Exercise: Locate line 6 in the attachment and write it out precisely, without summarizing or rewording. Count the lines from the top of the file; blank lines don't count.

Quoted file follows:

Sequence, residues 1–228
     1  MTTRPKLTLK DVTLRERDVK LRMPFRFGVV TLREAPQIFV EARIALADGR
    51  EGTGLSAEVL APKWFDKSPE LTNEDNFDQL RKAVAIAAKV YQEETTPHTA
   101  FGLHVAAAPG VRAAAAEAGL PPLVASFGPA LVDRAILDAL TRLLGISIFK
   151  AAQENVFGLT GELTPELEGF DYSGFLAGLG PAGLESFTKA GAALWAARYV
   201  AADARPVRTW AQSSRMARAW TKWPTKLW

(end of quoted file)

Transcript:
   201  AADARPVRTW AQSSRMARAW TKWPTKLW